Is there anything else I should do if I’ve bought listeria-contaminated food?

One study found that once a listeria-contaminated food product was in a person’s home, 11% of all food samples in their refrigerators also were contaminated. Nearly two-thirds of people with listeria infections turn out to have listeria growing in their refrigerators.

So clean your refrigerator if you think you may have purchased a contaminated cantaloupe. Wash the fridge thoroughly with soap and water. Then wipe it down with a diluted solution of chlorine bleach.

Who is most at risk from listeria?

The healthy immune system usually keeps listeria in check. Healthy people usually get only mild diarrhea from listeria, if they get any symptoms at all. But immunity wanes each decade after age 60, so the elderly are at risk. Pregnancy, especially the third trimester, makes a woman vulnerable to listeria. And people with diseases (such as HIV or diabetes) or who take medications that lower immunity are at high risk.

Why is listeria so deadly?

In most healthy people, the immune system eliminates listeria-infected cells before the infection can spread. But when listeria escapes the gut, it gets into the blood. From there it can spread throughout the body, causing a disease called listeriosis. Listeriosis can cause deadly encephalitis and meningitis, killing some 20% of patients. Listeria causes about 19% of all U.S. deaths from food-borne infections.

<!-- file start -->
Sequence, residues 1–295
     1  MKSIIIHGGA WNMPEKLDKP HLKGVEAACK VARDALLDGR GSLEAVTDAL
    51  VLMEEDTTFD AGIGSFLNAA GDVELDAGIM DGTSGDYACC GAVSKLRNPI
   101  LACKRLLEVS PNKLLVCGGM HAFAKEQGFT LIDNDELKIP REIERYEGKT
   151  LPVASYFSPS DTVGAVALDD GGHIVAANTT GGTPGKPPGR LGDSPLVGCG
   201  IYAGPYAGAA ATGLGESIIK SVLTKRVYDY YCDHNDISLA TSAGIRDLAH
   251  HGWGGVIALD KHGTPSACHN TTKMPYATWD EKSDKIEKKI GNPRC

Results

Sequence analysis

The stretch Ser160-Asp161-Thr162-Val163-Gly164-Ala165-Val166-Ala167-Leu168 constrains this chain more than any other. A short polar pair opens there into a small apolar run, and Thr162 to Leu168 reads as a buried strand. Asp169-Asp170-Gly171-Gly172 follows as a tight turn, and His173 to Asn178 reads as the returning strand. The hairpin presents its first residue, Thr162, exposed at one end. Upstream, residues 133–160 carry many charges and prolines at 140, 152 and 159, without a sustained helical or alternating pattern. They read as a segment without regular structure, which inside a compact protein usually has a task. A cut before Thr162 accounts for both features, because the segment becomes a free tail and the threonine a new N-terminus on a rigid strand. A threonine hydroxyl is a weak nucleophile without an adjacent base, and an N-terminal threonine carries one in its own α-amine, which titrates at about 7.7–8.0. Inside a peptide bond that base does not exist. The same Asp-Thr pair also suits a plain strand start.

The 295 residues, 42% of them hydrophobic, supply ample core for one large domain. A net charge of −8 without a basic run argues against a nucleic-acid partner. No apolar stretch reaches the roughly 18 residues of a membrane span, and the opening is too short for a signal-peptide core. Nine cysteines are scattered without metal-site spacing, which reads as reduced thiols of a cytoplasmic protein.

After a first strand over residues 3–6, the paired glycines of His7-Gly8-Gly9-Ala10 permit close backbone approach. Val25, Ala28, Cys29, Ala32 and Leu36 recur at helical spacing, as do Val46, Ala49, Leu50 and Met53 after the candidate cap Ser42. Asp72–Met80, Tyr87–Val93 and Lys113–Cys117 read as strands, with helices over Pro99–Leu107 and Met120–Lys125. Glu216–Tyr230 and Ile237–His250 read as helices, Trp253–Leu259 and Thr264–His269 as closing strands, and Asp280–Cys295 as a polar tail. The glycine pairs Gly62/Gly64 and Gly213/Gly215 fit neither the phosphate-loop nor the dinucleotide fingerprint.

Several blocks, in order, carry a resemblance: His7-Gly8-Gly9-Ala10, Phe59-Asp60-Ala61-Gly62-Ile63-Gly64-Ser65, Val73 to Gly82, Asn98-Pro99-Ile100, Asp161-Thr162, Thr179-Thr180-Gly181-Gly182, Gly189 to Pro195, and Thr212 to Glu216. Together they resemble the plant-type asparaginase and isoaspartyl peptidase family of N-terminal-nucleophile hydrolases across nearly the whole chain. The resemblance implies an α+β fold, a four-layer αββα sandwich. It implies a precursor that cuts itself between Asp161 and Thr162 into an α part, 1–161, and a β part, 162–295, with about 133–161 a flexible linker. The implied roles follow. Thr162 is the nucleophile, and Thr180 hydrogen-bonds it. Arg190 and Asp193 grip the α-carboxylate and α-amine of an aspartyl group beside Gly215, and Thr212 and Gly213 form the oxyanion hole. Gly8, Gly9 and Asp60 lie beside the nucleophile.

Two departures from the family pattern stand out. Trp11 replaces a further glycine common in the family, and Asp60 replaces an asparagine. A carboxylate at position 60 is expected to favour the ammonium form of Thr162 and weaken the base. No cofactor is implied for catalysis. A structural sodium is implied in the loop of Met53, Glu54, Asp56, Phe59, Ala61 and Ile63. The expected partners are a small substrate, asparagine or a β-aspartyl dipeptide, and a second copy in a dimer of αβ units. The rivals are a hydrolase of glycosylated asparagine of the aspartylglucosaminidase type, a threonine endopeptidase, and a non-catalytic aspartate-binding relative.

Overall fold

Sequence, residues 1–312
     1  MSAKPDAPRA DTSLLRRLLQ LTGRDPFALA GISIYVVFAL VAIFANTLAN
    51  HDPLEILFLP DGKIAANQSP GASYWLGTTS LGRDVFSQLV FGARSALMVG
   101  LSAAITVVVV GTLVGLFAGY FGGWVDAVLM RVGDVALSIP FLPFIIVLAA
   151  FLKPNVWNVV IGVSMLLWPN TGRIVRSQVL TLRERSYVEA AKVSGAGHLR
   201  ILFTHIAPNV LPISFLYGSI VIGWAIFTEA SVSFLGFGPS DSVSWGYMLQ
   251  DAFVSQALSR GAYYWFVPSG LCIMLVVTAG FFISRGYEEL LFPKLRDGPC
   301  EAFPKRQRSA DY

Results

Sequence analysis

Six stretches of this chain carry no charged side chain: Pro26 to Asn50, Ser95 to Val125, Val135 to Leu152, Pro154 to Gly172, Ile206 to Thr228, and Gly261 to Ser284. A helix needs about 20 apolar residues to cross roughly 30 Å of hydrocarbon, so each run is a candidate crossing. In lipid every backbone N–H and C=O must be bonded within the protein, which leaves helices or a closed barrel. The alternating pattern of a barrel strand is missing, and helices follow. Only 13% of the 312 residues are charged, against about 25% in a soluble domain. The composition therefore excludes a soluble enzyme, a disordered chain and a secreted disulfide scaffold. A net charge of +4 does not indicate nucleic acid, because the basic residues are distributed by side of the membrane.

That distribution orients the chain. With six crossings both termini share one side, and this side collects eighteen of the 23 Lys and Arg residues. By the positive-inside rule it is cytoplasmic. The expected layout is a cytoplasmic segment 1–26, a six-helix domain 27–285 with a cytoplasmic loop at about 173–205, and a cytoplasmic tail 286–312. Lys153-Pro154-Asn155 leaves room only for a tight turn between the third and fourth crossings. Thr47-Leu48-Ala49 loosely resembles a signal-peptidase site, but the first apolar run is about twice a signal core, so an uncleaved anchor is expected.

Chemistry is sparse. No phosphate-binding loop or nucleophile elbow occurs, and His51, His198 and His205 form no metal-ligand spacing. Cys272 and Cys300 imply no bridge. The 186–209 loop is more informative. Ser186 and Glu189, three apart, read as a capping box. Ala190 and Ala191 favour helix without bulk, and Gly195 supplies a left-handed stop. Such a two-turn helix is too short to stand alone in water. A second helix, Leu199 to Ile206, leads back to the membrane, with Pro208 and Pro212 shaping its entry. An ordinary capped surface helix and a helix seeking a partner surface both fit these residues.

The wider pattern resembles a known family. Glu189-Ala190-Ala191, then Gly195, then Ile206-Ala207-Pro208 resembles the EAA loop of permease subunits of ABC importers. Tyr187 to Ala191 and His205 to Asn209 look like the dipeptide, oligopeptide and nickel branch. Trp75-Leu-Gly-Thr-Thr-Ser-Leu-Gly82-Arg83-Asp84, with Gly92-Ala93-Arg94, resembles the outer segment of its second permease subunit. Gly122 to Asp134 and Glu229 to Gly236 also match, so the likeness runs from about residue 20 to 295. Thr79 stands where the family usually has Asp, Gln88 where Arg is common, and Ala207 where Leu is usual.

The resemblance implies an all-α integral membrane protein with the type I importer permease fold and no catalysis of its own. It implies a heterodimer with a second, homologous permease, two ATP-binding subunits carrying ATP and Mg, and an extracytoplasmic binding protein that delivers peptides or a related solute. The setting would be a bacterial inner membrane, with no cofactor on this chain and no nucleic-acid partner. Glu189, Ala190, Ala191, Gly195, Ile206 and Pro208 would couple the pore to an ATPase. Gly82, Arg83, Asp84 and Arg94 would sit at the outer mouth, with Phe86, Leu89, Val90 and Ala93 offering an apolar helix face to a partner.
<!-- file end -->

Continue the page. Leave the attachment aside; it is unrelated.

Why are pregnant women at high risk from listeria?

Pregnant women usually do not develop serious listeriosis themselves, just a mild flu-like illness. But once listeria gets into a pregnant woman’s blood, it seeks out the placenta. From there it can infect the fetus and cause stillbirth, miscarriage, or preterm birth. During birth from a woman carrying listeria, the bacteria can infect the newborn. Neonatal listeriosis can cause fatal or disabling meningitis.

What are common symptoms of listeriosis?

Listeriosis may start with diarrhea or other intestinal symptoms. But serious disease starts with fever and muscle aches. Other symptoms often include headache, stiff neck, confusion, loss of balance, and convulsions.

How long after eating listeria-contaminated foods do severe symptoms appear?

The time between eating listeria-contaminated food and having listeriosis symptoms ranges from three days to two months. Most people seem to get symptoms within one to three weeks.

What is the treatment for listeriosis?

Because it is so deadly, listeriosis is treated with intravenous antibiotics. Treatment lasts two weeks if the central nervous system is not infected, four weeks if it is. Nearly all patients are hospitalized for at least a few days.

How can you avoid listeria infection?

Here’s the FDA’s advice on how to prevent listeriosis:

• Do not consume unpasteurized milk or milk products.
• Wash hands and any other contacted surfacs after handling raw foods.
• Rinse raw produce thoroughly.
• Keep uncooked meat, poultry, and seafood separate from all other foods.
• Thoroughly cook meat, poultry, or seafood.
• Eat perishable and ready-to-eat foods as soon as possible.
• People at risk should heat hot dogs, cold cuts, and deli meats before eating them.

If you suspect that you may have contacted listeria, seek medical treatment immediately.